Iowa-UM wasn't reality check, was simply reality
With their only meetings with Indiana and Michigan behind them, better days are on Hawkeyes' horizon
object id="bimvidplayer0" width="670" height="380" classid="clsid:D27CDB6E-AE6D-11cf-96B8-444553540000">
I'm not sure what you can really judge about Iowa's men's basketball team following its 95-67 loss at unbeaten Michigan Sunday, other than it isn't the No. 2 team in the country.
Let's see. You take a team with three freshman starters to the No. 2 team's lair, and you don't measure up. That's a dog-bites-man story if ever one existed.
I don't know for sure if Iowa has what it takes to win enough Big Ten games to position itself for an NCAA tournament berth. Two weeks ago, I thought it did. This week? I still think so. I was among the 99.4 percent of people who gave the Hawkeyes precious little chance to get out of Ann Arbor with a victory. If anything, I was surprised Iowa hung with Michigan for 15 minutes.
Those were 18 good minutes. Followed by 22 rotten ones.
The biggest complaint about Iowa's play went from 3-point shooting (Indiana and the nonconference non-entity that came before that) to transition defense. And it's true, the Hawkeyes' just seemed to stop playing defense once Michigan found its offensive rhythm. That wasn't good.
Keep in mind, the Wolverines can make just about anybody look woeful defensively. A package of their statistics, individually and as a team, are almost mind-blowing.
Trey Burke may be the best player in college basketball. He is averaging 18.2 points and 7.5 assists. The last Big Ten player to average 17 and 7 for a season was Magic Johnson, 34 years ago.
Burke has hit 41 percent of his 3-pointers, 54 percent of all his shots. That's ridiculous for a guard who shoots quite a bit.
It's also ridiculous that Tim Hardaway Jr. would be the second-best guard on a Big Ten team, since he's the second-best guard in the league.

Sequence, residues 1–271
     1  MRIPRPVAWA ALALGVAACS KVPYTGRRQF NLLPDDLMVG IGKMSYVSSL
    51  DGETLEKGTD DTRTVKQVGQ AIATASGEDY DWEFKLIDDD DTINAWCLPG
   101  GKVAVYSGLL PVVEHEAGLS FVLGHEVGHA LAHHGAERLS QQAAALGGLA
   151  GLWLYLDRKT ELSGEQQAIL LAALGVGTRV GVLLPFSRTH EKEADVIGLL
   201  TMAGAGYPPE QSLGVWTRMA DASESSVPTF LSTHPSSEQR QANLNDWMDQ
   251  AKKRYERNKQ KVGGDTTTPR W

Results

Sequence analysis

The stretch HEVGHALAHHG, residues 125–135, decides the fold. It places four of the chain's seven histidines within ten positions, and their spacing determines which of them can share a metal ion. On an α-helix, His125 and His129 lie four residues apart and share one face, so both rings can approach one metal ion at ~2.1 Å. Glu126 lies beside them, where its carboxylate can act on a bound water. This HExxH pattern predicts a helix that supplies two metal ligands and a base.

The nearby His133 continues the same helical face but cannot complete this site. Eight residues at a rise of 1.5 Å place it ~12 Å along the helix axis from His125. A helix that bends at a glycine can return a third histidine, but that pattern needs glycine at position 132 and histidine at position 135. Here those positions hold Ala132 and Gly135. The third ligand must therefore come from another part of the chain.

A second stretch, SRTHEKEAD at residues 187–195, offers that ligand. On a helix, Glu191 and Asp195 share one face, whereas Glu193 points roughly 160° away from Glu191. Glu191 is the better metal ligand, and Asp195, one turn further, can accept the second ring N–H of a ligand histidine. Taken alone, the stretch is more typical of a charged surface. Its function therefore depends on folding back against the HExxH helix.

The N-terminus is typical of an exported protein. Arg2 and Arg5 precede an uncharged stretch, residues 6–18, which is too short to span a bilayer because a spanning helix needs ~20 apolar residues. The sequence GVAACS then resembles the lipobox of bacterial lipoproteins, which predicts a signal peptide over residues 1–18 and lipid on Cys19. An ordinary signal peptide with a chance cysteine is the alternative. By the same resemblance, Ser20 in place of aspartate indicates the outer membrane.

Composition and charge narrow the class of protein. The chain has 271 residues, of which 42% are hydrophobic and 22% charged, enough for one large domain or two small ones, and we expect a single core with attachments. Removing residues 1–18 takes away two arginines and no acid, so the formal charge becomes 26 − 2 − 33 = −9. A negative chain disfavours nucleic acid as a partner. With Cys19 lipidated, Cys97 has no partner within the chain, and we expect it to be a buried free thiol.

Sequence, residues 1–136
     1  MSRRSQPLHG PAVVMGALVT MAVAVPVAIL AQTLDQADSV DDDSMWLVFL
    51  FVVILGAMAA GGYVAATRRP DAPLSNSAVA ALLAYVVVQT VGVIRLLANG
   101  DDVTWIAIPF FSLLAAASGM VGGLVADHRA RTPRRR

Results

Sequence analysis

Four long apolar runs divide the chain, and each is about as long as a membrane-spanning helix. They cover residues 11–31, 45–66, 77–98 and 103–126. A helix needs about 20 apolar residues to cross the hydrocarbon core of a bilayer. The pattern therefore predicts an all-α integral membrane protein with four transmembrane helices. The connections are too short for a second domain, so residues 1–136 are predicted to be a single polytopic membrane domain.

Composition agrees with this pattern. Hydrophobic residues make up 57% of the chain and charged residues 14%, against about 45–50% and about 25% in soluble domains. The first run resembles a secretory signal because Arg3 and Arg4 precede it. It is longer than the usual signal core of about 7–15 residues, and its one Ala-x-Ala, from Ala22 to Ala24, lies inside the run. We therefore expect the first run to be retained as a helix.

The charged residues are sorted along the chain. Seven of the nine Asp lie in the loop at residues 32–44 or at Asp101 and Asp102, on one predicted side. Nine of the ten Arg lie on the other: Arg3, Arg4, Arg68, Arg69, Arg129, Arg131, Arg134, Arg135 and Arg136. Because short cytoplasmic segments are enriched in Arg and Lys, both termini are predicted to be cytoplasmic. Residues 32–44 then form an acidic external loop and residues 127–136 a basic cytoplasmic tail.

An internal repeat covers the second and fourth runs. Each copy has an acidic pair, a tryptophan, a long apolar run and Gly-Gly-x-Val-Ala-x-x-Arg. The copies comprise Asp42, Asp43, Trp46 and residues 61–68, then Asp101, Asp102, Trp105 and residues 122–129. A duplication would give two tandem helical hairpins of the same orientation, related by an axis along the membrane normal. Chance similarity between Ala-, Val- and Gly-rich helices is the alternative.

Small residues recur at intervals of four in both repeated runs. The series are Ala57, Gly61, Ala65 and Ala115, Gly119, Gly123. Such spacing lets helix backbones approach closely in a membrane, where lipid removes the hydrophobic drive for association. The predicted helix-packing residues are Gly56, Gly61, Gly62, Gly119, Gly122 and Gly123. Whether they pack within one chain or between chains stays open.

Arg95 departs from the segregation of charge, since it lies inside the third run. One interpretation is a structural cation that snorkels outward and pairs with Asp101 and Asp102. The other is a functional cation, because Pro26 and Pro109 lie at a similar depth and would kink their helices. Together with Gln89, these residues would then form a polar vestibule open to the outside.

The No. 3 guard is freshman Nik Stauskas, who averages 13.5 points. He was 3-of-6 from 3-point range Sunday, and his season-average went down to 53.6 percent!
Oh, then there's freshman forward Glenn Robinson III, who had 20 points and 10 rebounds against the Hawkeyes. Sheesh.
So, Michigan is a team unlike any Iowa will play in the regular-season. Weirdly -- and luckily for the Hawkeyes -- they won't play the Wolverines again unless they meet in the Big Ten tourney. (This paragraph was edited. I earlier mistakenly said Iowa also plays Indiana just once.)
Nonetheless, the Hawkeyes will need to noticeably tighten up its defense and develop more toughness to win against other good teams, starting at home Thursday night against Michigan State.
It's far from one of Tom Izzo's best teams, yet it's 12-3 and has familiar statistics like these: Allows 57.7 points per game, outrebounds opponents by nine per game, and holds foes to 37 percent shooting from the field.
However, even MSU may look mortal after Michigan, and Iowa has 16 Big Ten games left against mortals. This season is about growth, about moving into NCAA contention, about vying to contend in the first-half of the conference standings. Those were reasonable goals before Dec. 31, and remain so after a blow-out loss Sunday.
A lot of big-time players will leave the Big Ten after this season, including Burke and Hardaway. None of them are from Iowa, or so I'm presuming on Jan. 7.
Hawkeye fans are starved for basketball success now for two reasons, the lack of it they've enjoyed for the last several years, and the drop-off in football victories. But they'll enjoy this season more if they accept that this team isn't anywhere near a championship level yet, but seems pointed to at least get in that discussion in the next couple of seasons. It's not like I've heard anyone saying they want it all now, but a bad loss like Sunday's has a nasty habit of making clouds seem darker than they really are.
A few hours after Iowa's game at Michigan ended, the Big Ten Network televised Wisconsin's 47-41 win at Nebraska. I saw a few minutes of that mess. I'll take what Iowa's up to right now, instead, even if the occasional one-sided loss to a national power is part of the deal.